ICMR proposes research on non-communicable disease in relation to covid-192 min read . Updated: 29 Jul 2020, 07:11 PM IST
- The proposed agenda can strategically guide the preparedness of the health system to include non-communicable diseases in the response to the pandemic
The government has proposed a research agenda for covid-19 in relation to non-communicable diseases (NCDs) such as diabetes, cancer, heart and kidney ailments, which puts people with these conditions, especially the elderly, at higher risk for developing severe illness when affected by the novel coronavirus.
According to the scientists at the National Centre for Disease Informatics and Research, Indian Council of Medical Research (ICMR), the proposed agenda can strategically guide the preparedness of the health system to include NCDs in the response to the pandemic.
The scientists, in a review, have proposed health-care delivery, use of technology, surveillance-monitoring-evaluation, governance and policy, as the key research domains. According to the review, NCDs account for nearly 62% of the deaths in India.
“Covid-19 pandemic is characterized with attenuation of innate immunity and a pro-inflammatory response which could accelerate many NCDs and their occurrence. Several steps taken to minimize the spread of infection, social distancing, restricted mobility, and advise to stay indoors have resulted in disruption of routine health-care access and service delivery and supplies to essential food, medicines, and diagnostics," said Dr Prashant Mathur and Dr Sukanya Rangamani, authors of the review.
“The consequent economic situation could increase stress levels to impact NCDs. Since the scale of risk for NCDs is still not clear, strong NCD preventive and early diagnosis steps will be required to protect individuals and vulnerable groups," the researchers said.
The review highlighted the leading risk factors for NCDs as use of tobacco, alcohol, inadequate fruit and vegetable intake, high systolic blood pressure, high fasting plasma glucose, drug abuse, high total cholesterol, high body mass index and low physical activity and air pollution.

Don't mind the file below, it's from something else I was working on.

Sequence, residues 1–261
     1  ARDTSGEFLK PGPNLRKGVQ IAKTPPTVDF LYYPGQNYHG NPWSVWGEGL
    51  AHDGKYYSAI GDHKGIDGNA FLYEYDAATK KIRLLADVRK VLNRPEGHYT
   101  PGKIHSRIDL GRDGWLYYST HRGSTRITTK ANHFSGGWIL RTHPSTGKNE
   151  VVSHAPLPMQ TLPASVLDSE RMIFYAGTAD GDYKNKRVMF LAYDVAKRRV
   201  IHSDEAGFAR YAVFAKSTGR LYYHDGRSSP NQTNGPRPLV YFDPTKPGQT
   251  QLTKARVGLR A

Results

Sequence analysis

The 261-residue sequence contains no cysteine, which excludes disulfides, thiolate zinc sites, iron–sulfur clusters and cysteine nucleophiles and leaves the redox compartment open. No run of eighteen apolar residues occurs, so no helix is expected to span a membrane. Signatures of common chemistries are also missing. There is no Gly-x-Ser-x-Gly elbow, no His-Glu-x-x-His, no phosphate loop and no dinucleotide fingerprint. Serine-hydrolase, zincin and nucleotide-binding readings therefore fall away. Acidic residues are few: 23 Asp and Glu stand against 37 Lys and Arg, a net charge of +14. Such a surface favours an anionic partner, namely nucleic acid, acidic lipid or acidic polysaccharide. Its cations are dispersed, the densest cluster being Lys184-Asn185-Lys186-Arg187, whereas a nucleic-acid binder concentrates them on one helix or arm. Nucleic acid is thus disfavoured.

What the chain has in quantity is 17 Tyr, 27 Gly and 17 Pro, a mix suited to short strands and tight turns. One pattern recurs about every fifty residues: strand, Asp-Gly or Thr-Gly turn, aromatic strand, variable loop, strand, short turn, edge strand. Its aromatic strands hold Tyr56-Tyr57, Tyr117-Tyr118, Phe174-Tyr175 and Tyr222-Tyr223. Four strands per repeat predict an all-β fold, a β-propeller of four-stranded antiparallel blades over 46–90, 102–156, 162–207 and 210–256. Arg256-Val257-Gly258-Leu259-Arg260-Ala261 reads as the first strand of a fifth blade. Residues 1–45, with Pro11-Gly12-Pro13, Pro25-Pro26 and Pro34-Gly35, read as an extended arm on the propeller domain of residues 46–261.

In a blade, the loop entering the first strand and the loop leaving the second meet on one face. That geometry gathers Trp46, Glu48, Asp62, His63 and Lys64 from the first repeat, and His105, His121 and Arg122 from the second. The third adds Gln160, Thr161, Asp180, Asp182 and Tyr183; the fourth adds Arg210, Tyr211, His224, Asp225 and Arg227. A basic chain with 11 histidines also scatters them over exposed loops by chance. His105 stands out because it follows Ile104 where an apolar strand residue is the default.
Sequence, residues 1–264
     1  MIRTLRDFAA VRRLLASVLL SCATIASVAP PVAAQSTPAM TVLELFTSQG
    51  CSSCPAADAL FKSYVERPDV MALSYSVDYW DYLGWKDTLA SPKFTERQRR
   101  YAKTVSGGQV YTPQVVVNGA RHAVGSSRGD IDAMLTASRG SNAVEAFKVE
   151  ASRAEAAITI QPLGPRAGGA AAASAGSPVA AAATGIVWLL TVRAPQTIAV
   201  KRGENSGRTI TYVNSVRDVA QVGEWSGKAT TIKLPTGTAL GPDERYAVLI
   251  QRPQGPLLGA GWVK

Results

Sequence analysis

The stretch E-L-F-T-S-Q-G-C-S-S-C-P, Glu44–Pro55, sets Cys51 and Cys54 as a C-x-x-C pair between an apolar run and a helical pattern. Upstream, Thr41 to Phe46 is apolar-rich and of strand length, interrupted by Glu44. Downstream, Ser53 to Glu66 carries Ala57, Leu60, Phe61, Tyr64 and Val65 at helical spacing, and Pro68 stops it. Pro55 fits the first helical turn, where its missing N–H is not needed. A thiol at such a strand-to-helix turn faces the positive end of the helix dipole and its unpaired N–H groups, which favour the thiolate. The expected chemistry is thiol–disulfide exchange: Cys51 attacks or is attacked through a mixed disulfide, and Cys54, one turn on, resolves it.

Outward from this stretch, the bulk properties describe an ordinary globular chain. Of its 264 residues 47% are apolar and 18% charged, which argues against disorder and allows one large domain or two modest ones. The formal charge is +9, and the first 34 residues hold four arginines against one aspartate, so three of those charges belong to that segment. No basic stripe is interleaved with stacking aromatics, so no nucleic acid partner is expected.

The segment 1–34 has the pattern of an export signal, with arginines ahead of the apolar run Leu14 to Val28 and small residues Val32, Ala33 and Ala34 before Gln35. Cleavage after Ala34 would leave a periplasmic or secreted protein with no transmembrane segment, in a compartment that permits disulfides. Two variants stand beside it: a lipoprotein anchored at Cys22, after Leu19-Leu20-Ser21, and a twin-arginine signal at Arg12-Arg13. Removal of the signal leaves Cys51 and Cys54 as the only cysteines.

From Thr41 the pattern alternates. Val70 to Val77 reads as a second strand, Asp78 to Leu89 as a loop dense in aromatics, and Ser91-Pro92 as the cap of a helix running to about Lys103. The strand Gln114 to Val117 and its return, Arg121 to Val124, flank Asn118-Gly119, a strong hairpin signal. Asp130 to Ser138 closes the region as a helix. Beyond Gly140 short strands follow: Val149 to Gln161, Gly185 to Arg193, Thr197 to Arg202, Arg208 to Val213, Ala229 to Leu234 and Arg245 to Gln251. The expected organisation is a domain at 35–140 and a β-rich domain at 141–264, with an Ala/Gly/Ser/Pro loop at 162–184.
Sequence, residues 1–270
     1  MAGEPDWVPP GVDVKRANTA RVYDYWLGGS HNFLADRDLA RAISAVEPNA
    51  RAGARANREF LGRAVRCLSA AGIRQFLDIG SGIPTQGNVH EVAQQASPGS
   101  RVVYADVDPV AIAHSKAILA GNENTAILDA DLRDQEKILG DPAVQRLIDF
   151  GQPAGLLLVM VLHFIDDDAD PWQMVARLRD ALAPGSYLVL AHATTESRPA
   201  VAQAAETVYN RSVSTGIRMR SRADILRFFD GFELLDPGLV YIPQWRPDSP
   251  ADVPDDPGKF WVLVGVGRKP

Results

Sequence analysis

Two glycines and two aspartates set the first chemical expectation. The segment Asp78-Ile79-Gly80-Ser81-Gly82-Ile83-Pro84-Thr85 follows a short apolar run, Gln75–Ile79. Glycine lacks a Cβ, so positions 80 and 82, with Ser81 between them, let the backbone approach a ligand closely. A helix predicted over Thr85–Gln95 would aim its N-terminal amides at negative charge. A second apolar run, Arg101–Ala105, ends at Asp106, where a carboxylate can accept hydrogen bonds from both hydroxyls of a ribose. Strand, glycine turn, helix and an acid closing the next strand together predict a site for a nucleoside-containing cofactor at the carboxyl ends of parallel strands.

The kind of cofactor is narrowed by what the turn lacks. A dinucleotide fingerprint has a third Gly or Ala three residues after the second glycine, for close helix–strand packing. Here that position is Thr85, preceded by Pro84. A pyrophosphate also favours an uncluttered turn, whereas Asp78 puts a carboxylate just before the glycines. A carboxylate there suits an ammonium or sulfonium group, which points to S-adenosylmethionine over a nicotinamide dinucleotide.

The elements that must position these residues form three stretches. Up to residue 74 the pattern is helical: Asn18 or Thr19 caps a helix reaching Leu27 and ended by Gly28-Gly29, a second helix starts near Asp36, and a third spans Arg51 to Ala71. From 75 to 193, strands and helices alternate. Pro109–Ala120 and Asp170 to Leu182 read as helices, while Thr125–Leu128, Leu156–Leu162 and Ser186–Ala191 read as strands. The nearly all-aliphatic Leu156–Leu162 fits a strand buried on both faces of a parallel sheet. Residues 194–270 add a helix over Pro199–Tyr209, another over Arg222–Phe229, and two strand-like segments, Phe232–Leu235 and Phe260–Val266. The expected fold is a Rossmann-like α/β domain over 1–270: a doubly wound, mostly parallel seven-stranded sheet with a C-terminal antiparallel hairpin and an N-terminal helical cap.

“There were cases of severe diabetes seen in those who have suffered from covid-19. All this will increase diabetes and complication burden substantially. All NCD programs need immediate strengthening," said Dr Anoop Misra, Chairman, Fortis-C-DOC Centre for Diabetes, Metabolic Diseases and Endocrinology.
According to union health ministry, about 75% of fatalities due to covid-19 were among the elderly and those with co morbid conditions suffering from NCDs. According to the World Health Organization (WHO), people with pre-existing NCDs are more vulnerable to becoming severely ill with the virus such as cardiovascular disease (e.g. hypertension, persons who have had, or are at risk for, a heart attack or stroke), Chronic respiratory disease, Diabetes and cancer. Smoking also makes people vulnerable to covid-19.
“There is increasing evidence that impaired lung function due to smoking and susceptibility to noncommunicable diseases like cardiovascular disease, cancer and diabetes as a result of continued tobacco use, is putting people at higher risk for developing health complications when affected by covid-19," said Dr Harit Chaturvedi, Chairman - Max Institute of Cancer Care.